“Our pipeline has dropped off a cliff, it’s not just work stopping it’s uncertainty amongst all of our clients and prospects, invoices are getting delayed and paid late and the answer to everything is “I don’t know”. We’re speaking to people we know well who are saying that they can’t even commit to being in the job in a month let alone talk about work. Oil & Gas, renewables, construction, aerospace are all facing huge lay-offs, price cuts and spend freezes and I expect this to continue long after the end of lockdown, one client told us that nothing was off the table to get cut and they’d had mass layoffs, we expect more of the same.
“The one upside (and it is a small one) is that what we do is transformational and it’s hard to get people to transform when it’s business as usual, it’s definitely not business as usual at the moment so at least initially people seem receptive to change.
“Start-up wise, I expect a generation of UK start-ups to get wiped out and others to just survive and have to start building again post COVID. It’s easy to rationalise that the start-up world has a high mortality rate anyway but good teams would usually get recycled to start new things if their ideas fail and that’s much more unlikely in the current (and potential future) climate. If I was thinking of starting another business today I’d certainly be thinking that there are extremely limited areas of potential, so the risk is not just the companies that get wiped out but the founders who may get taken out of the entrepreneur gene pool.”
“The challenges of business continuity across all sectors have propelled immersive technology from the realm of early adopters to early majority. COVID-19 was probably the black swan event the pushed AR/VR across the chasm. Over the next 6–18 months, restrictive travel norms will result in the adoption of greater collaborative augmented and virtual reality technologies in travel intensive sectors.”
Puneet Badrinath, Founder, Fabrik (May 2020)
“We are shifting into a new normality, but we don’t expect any new dynamics to be shown before the Q1 of ’21. After that, we are expecting all the companies to focus 110% in their digital transformation and data-focused strategies.”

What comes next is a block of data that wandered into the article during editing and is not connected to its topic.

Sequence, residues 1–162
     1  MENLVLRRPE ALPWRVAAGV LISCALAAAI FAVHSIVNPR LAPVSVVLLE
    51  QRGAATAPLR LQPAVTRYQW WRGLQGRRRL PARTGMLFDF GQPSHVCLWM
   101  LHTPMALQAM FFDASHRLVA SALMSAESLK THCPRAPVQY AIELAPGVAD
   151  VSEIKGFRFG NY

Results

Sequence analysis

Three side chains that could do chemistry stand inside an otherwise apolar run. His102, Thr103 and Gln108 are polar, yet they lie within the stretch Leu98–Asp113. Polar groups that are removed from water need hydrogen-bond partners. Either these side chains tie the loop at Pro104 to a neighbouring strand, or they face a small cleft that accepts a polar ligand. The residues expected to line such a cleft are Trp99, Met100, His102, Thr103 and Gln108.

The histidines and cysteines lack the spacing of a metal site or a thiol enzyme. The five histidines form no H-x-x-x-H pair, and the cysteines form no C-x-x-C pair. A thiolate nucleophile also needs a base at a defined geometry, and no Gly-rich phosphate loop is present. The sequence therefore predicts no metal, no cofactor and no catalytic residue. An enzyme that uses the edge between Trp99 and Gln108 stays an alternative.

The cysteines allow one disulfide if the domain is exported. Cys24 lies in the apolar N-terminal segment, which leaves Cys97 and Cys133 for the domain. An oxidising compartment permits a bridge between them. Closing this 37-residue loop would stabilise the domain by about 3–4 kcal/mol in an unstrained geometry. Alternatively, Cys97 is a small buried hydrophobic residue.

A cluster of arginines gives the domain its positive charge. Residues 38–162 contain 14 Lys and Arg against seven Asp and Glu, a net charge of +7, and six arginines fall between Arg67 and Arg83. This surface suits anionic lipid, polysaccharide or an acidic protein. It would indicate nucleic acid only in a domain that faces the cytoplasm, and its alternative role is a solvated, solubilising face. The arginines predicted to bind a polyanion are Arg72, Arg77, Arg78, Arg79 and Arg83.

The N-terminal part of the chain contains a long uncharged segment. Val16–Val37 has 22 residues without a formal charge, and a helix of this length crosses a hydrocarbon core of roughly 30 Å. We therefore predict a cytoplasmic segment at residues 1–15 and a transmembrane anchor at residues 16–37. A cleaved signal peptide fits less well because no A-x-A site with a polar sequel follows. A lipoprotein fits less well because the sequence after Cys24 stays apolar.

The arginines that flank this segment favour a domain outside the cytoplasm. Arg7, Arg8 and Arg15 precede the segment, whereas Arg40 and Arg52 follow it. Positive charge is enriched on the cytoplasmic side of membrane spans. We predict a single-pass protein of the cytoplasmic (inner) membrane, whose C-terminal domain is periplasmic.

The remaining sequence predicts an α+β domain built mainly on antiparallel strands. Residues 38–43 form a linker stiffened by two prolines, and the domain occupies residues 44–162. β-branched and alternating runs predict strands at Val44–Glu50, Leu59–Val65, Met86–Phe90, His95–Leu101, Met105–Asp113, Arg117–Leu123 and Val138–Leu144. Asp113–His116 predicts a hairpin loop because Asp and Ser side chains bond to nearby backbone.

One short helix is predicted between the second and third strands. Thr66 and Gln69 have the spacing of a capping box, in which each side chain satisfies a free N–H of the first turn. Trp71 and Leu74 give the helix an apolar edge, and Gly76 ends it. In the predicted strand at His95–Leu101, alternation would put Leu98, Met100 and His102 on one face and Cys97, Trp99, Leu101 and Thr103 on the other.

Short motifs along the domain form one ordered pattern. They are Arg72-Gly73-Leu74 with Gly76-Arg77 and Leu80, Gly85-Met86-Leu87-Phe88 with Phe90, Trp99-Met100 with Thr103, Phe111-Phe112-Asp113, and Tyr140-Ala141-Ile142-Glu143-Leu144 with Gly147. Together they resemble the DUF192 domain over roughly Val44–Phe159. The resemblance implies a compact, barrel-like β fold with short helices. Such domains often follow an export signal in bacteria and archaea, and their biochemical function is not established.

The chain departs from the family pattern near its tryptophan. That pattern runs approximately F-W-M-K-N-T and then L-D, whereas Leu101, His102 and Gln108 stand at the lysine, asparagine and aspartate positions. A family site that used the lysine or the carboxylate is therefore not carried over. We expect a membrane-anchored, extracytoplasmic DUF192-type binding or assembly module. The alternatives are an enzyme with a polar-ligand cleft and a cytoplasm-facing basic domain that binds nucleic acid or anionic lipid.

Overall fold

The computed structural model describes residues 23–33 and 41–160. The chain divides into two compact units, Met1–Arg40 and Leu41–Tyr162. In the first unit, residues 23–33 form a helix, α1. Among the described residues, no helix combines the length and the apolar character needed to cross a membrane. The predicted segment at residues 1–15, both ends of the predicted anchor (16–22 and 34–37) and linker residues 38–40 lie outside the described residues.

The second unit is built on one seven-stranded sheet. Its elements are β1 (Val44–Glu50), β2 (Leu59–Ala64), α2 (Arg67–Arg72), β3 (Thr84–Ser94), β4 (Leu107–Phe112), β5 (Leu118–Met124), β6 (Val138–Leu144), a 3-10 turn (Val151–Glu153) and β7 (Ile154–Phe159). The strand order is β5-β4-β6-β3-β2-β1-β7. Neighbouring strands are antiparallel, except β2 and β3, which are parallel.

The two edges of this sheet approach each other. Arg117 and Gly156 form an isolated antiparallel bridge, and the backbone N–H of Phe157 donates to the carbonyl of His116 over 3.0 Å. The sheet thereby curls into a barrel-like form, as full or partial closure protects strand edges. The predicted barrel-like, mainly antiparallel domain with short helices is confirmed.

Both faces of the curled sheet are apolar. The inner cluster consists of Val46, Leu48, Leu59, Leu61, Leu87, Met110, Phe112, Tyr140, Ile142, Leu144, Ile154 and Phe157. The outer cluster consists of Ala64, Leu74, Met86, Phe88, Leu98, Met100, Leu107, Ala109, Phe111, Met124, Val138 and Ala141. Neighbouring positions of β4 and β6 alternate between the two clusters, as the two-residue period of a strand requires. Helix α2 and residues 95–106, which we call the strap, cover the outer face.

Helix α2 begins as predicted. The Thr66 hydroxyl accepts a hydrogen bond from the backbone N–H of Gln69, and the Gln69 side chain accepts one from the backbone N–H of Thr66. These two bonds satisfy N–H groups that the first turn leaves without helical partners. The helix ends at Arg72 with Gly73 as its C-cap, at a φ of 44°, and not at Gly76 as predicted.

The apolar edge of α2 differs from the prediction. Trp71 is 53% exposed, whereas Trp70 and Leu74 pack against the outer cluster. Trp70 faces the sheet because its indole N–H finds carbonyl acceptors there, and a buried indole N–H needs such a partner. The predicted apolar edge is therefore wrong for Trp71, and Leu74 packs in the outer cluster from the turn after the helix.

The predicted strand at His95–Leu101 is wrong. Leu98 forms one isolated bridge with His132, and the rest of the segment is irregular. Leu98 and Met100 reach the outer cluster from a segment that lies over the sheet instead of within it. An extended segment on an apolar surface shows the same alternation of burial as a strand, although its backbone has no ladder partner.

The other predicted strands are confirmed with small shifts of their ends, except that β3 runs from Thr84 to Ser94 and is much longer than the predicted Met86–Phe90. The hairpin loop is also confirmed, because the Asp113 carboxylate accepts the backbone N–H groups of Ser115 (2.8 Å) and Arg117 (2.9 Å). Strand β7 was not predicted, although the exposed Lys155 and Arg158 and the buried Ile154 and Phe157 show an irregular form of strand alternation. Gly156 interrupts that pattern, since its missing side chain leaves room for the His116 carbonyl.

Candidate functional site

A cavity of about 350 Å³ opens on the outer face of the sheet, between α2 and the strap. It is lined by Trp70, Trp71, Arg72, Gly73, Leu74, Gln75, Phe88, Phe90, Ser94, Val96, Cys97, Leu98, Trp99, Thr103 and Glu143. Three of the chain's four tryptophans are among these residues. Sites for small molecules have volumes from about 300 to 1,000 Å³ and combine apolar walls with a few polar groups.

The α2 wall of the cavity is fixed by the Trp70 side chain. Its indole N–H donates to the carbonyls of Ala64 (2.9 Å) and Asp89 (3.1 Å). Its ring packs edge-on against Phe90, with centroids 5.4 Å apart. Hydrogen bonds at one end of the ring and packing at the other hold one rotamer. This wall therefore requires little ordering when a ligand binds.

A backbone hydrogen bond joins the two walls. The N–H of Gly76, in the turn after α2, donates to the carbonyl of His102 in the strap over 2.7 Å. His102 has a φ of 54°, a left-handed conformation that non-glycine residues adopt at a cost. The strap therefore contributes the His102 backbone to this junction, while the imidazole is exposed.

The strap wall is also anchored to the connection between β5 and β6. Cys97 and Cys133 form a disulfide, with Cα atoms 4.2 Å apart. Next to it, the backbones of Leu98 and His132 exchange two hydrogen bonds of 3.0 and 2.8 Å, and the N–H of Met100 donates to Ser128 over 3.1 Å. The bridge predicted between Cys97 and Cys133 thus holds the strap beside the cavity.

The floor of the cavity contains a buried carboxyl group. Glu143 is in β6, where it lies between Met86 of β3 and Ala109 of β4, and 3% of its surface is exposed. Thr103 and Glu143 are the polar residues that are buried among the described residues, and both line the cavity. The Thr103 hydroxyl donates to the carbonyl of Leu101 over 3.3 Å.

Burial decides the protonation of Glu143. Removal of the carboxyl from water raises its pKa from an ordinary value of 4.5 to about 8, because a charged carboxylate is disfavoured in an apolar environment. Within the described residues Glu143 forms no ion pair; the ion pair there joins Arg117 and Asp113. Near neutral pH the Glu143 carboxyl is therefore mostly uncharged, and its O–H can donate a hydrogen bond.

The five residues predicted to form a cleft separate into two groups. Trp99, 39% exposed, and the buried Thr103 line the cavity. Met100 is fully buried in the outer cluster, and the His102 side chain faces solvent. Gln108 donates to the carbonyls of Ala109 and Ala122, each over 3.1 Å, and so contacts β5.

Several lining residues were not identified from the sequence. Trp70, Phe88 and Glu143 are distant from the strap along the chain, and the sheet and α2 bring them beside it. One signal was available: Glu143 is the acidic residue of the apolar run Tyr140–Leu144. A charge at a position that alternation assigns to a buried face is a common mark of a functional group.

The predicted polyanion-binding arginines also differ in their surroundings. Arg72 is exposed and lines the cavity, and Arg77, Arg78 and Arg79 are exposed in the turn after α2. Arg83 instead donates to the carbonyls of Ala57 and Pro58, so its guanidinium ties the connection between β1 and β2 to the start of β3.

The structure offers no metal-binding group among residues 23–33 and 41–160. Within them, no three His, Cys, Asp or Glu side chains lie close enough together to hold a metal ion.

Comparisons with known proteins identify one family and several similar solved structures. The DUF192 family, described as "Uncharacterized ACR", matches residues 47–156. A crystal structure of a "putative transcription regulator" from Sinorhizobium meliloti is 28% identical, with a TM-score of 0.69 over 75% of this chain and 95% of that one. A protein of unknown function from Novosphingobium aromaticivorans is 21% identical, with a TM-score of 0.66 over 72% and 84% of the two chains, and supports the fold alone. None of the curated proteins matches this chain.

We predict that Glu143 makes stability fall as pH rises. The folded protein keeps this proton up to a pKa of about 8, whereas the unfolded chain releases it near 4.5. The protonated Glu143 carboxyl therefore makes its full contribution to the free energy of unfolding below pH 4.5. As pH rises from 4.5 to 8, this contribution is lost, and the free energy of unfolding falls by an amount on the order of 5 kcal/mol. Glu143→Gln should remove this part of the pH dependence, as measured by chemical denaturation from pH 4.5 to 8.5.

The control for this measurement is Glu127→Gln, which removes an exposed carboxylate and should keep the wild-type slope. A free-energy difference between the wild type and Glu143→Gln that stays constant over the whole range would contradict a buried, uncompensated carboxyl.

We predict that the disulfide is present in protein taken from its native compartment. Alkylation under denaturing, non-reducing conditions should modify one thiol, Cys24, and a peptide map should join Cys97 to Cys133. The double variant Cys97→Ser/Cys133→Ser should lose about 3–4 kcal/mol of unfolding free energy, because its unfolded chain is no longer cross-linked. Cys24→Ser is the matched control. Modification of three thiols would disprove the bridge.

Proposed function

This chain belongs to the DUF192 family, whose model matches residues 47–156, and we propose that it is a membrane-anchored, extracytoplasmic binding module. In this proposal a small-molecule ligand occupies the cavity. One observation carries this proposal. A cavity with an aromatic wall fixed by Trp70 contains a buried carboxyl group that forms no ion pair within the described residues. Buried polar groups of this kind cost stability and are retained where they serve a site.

The global coronavirus crisis highlights the importance of accurate and timely information in decision-making. Our ability to make informed decisions based on clear insights can be inhibited by the sheer volume of information, the breadth of sources, and the mixture of structured (less) and unstructured (more) data. Leading companies and governments already leverage AI to gather and interpret high-quality information at scale. In the future widespread adoption of AI-powered business intelligence will be central to how organisations of all sizes accelerate innovation, identify risk, and drive growth.
“During 2020 the companies are more awake than ever about two things: 1/ the importance of cost savings and 2/ the potential of the use of data for strategic decision making. OBUU TECH is expanding between different countries and sectors, applying its STOCKWATCH technology in new scenarios like airport systems maintenance, telecom infrastructure deployment, nuclear fusion and mining; and studying the benefits of integration with sectoral data platforms.”
“The lockdown revealed a critical problem that we observed with most enterprises and smaller teams, and that is their limited access to their internal data and their related in-house specialist applications. Team productivity tools, such as Slack, Zoom, Microsoft Teams and others, only solve general day-to-day team activities, but not the specialist needs of their work. Hence, we predict that most enterprises will start looking at the options of adopting remote working models and further migrating to cloud-based services. But the most notable change we will see is the broader adoption of specialist AI and automation tools which will, unfortunately, result in significant job losses.”
For more information about the programme, please contact the ATI Boeing Accelerator team:
Gabi Matic — firstname.lastname@example.org | linkedin.com/in/gabrielamatic
Wil Benton — email@example.com | linkedin.com/in/fatkidonfire
Ksenia Kurileva — firstname.lastname@example.org | linkedin.com/in/kseniakurileva